Today on Twitter, a screen cap made the rounds that showed part of the peer review that accompanied a rejection of a paper by a scientific journal. This is the cap:
Now, that in and of itself is prima facie sexism, and an example of an ideological bias in action. Even if the rest of the review had been full of cogent, specific, and objective criticisms of the rejected paper, the belief that men would inherently serve as a “possible check” against bias where women wouldn’t is a biased belief that can be explained only by sexist ideology.
Really, it’s so obvious a case that I didn’t see any point in commenting on it when it first made the rounds. Then a science news website picked it up and wrote about it, giving a more complete picture of what’s going on.
And, hoo boy.
It’s even worse than it looks on the face.
It seems the subject of the paper was a gender gap among Ph.Ds who make it to the post-doctoral level. The person who returned that review seemed to refute the idea that such a gap was remarkable, writing:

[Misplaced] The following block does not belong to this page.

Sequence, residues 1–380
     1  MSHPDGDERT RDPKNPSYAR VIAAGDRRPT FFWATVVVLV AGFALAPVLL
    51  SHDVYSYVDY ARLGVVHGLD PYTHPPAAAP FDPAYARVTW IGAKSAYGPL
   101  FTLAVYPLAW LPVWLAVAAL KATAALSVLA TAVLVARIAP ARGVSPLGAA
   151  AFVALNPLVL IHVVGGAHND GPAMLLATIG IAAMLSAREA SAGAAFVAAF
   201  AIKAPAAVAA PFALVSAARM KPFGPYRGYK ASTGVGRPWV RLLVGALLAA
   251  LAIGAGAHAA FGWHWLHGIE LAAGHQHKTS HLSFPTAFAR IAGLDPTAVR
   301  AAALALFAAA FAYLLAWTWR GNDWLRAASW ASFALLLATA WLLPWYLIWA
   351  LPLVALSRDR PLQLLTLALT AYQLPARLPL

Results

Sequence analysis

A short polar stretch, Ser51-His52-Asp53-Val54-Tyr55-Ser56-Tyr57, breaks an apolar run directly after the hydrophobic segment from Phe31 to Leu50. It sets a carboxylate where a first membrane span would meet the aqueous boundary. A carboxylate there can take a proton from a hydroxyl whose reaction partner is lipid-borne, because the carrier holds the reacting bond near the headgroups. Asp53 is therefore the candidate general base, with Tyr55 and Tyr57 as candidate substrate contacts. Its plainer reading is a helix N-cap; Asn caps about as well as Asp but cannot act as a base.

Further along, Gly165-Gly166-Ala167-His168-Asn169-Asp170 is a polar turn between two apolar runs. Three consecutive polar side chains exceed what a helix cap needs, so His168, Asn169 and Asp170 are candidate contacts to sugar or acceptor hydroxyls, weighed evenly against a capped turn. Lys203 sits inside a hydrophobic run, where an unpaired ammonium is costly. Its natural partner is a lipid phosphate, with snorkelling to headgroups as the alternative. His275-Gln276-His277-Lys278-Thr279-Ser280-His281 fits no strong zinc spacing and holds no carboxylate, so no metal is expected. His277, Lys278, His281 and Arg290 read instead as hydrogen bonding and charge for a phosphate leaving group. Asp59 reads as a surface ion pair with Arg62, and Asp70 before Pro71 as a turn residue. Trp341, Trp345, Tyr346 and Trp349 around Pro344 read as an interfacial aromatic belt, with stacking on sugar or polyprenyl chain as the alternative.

Perhaps it is not so surprising that on average male doctoral students co-author one more paper than female doctoral students, just as, on average, male doctoral students can probably run a mile a bit faster than female doctoral students.
Let’s put this together, shall we?
We have a person who believes that it is due to natural physical differences between men and women that male academics wind up with their names on more papers than female academics, and on the basis of this belief, this person is advising two female academics to let a couple of fellas put their names on their paper.
You want to talk about a self-fulfilling prophecy?
There it is, right there in action.
No, it’s not even that. It’s actually much more of a straight line than typical circular logic. It’s not a person inadvertently making the thing they predicted come true. It’s a person saying, “This is inevitable, it just sort of happens, no one makes it happen! Now make it happen.”
Someone who’s not a big fan of critical thinking about systemic problems might look at this and say that I’m accusing this unnamed scientist of telling the researchers to add male co-workers in order to prop up the status quo, which I’m not.
I’m not accusing anyone of a conscious agenda.
But if we work under the assumption there was no agenda, we’re still left with the fact that the reviewer—in the course of a single document—attributed a phenomenon to natural causes and then attempted to artificially engender that phenomenon.
How does this happen?
If it’s not due to a conscious agenda, then it seems pretty obvious that we must conclude it is possible for people to internalize a systemic bias without realizing it, doesn’t it?